Carla Franklin Sues to Expose Cyberbully
Can a person talk trash about someone else on YouTube by posting vulgar and insulting remarks about them anonymously? Carla Franklin, former model and Duke biology and psychology major, as well as Columbia business school graduate, has asked a court to force Google to disclose the identity of an online commentator who called her a "whore" on YouTube.
Franklin had recently appeared on YouTube videos posted by Columbia Business School that documented her travels to Africa and featured her offering advice to future MBA students. Franklin filed an application for disclosure with the New York Supreme Court.
Carla Franklin's attorney, David Fish, says that people should not be able to hide behind online anonymity when their remarks approach the level of being malicious and untrue. "People hide behind these shields and think they can just post anything ... Hopefully, we can put a stop to this ... This obviously was very upsetting to her," Fish said, the New York Daily News reports.
Franklin has filed the suit in Manhattan Supreme Court. As to whether it will be successful, a case from last year suggests that it will. Liskula Cohen used the same strategy in her case, after being slammed as a "skank," and "old hag." Google unmasked Cohen's rival, who made the comments. The strategy has also worked for other people who have had others post hateful videos about them online.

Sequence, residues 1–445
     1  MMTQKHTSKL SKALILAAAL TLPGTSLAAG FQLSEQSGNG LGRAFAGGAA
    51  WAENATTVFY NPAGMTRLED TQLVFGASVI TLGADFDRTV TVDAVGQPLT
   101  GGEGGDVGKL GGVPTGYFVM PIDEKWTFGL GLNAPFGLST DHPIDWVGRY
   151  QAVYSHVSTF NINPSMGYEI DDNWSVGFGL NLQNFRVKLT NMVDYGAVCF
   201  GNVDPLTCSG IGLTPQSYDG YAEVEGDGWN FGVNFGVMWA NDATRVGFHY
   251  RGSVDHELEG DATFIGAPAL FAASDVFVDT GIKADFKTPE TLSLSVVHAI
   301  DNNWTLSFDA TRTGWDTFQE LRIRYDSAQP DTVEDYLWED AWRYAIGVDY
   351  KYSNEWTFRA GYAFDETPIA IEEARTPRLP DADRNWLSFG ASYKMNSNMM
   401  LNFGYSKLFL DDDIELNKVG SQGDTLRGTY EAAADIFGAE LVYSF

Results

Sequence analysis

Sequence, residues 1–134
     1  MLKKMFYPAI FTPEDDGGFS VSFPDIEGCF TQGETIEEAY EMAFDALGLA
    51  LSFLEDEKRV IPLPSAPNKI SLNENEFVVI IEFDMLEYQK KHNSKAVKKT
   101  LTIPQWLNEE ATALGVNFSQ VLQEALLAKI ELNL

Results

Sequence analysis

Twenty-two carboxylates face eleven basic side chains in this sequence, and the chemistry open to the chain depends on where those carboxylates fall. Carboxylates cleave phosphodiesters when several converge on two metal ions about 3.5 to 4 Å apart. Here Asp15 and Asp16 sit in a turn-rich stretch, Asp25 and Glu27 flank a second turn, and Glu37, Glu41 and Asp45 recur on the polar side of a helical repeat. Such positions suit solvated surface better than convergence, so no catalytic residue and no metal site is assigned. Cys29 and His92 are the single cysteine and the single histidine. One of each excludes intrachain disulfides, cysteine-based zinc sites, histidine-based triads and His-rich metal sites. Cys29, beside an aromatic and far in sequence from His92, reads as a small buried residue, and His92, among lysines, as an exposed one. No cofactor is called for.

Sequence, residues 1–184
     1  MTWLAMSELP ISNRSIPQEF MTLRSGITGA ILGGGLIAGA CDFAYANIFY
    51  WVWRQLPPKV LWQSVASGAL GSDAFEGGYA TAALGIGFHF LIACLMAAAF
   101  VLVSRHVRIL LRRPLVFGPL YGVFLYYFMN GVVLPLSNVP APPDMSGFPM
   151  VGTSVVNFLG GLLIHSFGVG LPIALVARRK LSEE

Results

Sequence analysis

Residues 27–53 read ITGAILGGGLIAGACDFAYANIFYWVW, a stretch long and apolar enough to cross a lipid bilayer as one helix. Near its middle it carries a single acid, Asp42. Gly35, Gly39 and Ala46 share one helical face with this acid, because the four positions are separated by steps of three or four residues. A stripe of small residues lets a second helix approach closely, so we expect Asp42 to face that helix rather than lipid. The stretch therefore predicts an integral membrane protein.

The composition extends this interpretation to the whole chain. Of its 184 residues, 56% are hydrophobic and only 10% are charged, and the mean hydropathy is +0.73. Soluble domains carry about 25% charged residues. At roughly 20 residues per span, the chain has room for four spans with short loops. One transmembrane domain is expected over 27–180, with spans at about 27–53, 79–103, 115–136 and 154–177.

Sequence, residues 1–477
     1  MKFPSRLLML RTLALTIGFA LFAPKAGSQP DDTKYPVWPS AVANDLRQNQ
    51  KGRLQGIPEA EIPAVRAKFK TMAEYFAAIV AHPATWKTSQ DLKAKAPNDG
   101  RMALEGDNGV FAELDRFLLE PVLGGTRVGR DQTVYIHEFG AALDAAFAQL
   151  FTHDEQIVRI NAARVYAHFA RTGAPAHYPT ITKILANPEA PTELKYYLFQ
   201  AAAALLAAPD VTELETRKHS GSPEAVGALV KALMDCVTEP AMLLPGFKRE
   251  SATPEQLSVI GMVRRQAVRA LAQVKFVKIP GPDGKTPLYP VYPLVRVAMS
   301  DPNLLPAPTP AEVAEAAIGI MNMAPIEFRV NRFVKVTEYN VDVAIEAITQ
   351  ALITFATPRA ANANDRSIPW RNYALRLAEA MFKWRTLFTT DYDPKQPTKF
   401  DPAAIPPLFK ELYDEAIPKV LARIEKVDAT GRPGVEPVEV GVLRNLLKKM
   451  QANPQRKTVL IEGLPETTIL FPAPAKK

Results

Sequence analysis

This is an area of law that is evolving. Carla Franklin wants to know the identity of the individual who called her a "whore," so that she can sue her cyberbully for defamation. Defamation is a false statement that makes a factual claim which may give a person or organization a negative image.
1/13/11 Editor's note: We have updated this post to clarify that Carla Franklin, who is not a model, asked a New York court to compel Google's disclosure of the individual who posted derogatory online comments about her.
- Elements of Libel and Slander (FindLaw)
- Digital Defamation: The Hot New Tort? (FindLaw's Injured)
- How Easily Should Defamation Plaintiffs Be Able to Find Out the Identities of Anonymous Online Speakers From Internet Service Providers? (FindLaw)
- Saying No To The Death of Anonymity On The Internet (FindLaw's Technologist)
- Key Terms in Personal Injury Law (provided by Gatti, Keltner, Bienvenu & Montesi, PLC)
- Personal Injury Information Center (provided by Pingelton Law Firm)
You Don’t Have To Solve This on Your Own – Get a Lawyer’s Help
Meeting with a lawyer can help you understand your options and how to best protect your rights. Visit our attorney directory to find a lawyer near you who can help.